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Honorary degrees have a long and illustrious history.
Universities in Europe began granting degrees "for the sake of the honor" (honoris causa) in the 15th century, and the first such degree was awarded at Oxford in the 1470s to the future Bishop of Salisbury. These were essentially academic peerages, entitling the recipient to full privileges in the university, privileges that were much more extensive then than now. At the same time universities conferred degrees on certain scholars who had not kept residence or met the usual requirements (exams, etc.), but whose career achievements warranted such recognition. The individual or the university may initiate the review of a career portfolio to determine its equivalence to an earned degree. A panel of examiners usually issues the verdict. In practice it is sometimes difficult to determine whether a degree for a non-resident scholar is thus substantive, warranting the title Dr., or more honorary, and thus not entitling the recipient to be known as Dr. Both Benjamin Franklin and Samuel Johnson, however, held honorary doctorates but referred to themselves as "Doctor," implying that they regarded theirs as a substantive degree. The Archbishop of Canterbury can confer degrees, and many academies and learned societies award fellowships in recognition of distinguished achievement.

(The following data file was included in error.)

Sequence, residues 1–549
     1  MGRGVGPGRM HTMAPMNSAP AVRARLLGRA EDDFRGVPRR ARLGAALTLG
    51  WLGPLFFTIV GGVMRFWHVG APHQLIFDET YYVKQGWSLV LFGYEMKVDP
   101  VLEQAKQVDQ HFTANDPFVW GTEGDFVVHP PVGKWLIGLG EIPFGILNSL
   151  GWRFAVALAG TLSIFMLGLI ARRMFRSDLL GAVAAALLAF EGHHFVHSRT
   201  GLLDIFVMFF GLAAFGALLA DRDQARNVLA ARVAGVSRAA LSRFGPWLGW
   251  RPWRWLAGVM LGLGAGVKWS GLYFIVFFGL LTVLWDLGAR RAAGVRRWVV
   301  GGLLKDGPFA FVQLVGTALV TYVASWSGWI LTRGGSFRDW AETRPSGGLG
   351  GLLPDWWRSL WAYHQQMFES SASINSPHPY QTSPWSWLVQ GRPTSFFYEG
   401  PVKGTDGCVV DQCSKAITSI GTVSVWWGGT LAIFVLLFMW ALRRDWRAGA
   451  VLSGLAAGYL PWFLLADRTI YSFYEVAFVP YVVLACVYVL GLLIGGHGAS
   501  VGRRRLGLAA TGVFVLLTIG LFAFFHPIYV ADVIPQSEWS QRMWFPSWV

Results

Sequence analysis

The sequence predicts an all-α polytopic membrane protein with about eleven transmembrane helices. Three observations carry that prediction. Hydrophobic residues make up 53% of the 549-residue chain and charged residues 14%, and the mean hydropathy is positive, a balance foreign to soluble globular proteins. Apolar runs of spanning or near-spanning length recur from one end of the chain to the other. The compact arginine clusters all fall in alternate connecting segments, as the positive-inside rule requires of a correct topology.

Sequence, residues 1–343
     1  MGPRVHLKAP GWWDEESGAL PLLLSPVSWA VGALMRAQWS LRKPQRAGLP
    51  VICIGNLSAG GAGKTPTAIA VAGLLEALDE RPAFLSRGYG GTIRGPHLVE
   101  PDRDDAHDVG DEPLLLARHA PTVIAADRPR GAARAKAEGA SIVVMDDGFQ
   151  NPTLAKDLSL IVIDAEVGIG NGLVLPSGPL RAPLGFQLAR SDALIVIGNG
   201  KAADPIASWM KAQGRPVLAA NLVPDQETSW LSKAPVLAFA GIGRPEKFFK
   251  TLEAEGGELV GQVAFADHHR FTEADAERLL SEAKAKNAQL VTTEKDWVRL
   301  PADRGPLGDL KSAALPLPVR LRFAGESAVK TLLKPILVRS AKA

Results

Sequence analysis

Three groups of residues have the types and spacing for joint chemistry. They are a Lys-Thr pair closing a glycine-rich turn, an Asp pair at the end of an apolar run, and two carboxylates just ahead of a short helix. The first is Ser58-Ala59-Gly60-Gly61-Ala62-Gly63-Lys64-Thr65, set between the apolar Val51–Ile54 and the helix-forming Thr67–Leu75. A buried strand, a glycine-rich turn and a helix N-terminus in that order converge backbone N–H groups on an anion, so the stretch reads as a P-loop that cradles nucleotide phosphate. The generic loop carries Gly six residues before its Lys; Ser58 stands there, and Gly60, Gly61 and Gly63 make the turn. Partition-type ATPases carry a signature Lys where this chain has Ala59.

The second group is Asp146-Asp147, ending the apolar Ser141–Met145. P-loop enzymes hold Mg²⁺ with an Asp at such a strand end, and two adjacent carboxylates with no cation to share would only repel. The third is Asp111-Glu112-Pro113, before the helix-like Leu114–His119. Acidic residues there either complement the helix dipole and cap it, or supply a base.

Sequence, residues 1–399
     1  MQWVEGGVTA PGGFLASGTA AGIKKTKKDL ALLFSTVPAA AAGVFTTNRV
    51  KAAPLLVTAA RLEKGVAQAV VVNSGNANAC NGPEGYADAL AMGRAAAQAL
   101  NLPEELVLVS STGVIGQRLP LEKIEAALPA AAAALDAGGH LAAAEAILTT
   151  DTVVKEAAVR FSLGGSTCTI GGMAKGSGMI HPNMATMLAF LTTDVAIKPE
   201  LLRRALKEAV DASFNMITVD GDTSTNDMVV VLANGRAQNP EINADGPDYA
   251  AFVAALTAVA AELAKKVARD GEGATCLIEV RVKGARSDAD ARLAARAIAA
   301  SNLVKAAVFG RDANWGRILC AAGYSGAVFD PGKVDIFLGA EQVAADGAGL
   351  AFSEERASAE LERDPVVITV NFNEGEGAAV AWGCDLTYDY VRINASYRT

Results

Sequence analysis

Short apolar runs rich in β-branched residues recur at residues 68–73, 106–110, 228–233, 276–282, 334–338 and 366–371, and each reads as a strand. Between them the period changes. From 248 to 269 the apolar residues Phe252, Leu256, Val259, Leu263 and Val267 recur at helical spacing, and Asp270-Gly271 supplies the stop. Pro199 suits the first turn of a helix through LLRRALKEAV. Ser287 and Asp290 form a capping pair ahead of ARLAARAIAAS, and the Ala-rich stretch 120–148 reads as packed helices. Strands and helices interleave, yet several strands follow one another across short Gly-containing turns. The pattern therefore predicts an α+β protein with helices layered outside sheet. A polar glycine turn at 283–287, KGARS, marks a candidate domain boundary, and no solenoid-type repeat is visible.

At the University of Wyoming, an honorary degree recognizes individuals who reflect the university's high ideals and values and exemplify the concepts of excellence, service, and integrity. These degrees recognize distinguished accomplishments in the professions, sciences, arts, humanities, public service, and service to humanity. Degrees awarded honoris causa are among the highest honors a university can confer.